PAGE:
The Kindergarten panic has set in.
Yesterday morning, I awoke with a start. I don’t remember what I was dreaming about, but upon waking, all I could think of was Liam’s lunch.
I imagined him on the first day of Kindergarten at the lunch table. He opens his lunch bag but can’t figure out how to get the lid off the Tupperware containing his blueberries. He doesn’t know how to open the Ziploc bag with his sandwich. His throat is dry because he has never been through the steps of purchasing a milk. Too scared to ask for help, he begins to cry and there is no teacher taking notice.
My husband sees me staring at the ceiling and inquires “what are you thinking about so intently?” Lunch. I have not prepared my child to eat lunch.
We go to the store to purchase plastic containers to put inside his lunch bag. I have Liam select a water bottle as well, hoping that will take care of the need to purchase milk. Kellen knows he is starting preschool, and believes he needs these items as well. He starts telling me how he will share his sandwich with Alex, a friend he is hoping will be in his class. I know I am starting a whole new problem letting Kellen believe he, too, will be eating lunch at school when he won’t. But I’ll deal with that later.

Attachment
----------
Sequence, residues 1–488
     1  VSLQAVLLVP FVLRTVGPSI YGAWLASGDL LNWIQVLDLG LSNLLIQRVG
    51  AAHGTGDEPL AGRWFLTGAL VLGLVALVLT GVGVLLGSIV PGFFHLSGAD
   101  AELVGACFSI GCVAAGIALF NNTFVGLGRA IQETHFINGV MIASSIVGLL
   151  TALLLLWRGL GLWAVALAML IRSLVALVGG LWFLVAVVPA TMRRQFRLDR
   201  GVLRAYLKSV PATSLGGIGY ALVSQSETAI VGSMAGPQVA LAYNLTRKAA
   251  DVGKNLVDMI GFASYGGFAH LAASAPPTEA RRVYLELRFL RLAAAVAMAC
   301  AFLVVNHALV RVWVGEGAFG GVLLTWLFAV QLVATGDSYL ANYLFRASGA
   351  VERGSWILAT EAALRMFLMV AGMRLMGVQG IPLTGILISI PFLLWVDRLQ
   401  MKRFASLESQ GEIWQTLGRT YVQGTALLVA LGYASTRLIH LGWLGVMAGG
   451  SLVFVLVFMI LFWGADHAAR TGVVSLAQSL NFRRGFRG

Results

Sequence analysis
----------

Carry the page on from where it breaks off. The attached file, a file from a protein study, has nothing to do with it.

Yes, I, will deal with that later. Kellen will only be at school for three hours. I’ll be eating peanut butter sandwiches with him, and scheduling play dates to fill the time after school. He’ll be going with me to the grocery store and making messes as fast as I can clean them up.
Liam will be at school all day. All day. Will he miss me? Do I want him to?
As we wait to pay for our purchases I make a lame attempt to talk to the boys about school.
“I’m going to be so bored without you guys at home.”
“It’s ok, Mom,” Liam says. “Kellen will be home in the morning, and I’ll play with you when I get home in the afternoon.”
I resolve to never say something like that again. I don’t want him feeling guilty about leaving me. He needs to enjoy school. I want him to fall in love with learning.
I schedule a practice lunch for the next day with my mother-in-law. I will drop the boys off with their lunch bags, and let them get used to opening the containers, eating, and putting everything back in the bag. As we drive to her place, I remind Liam that if he needs help with lunch or anything, to ask his teacher.
“I know, Mom.”
I think of ten other reminders I could issue, but I sit in silence instead. I have to trust I have raised him to be confident, strong, and eager to find solutions to problems. I have to let him be the boy I know him to be.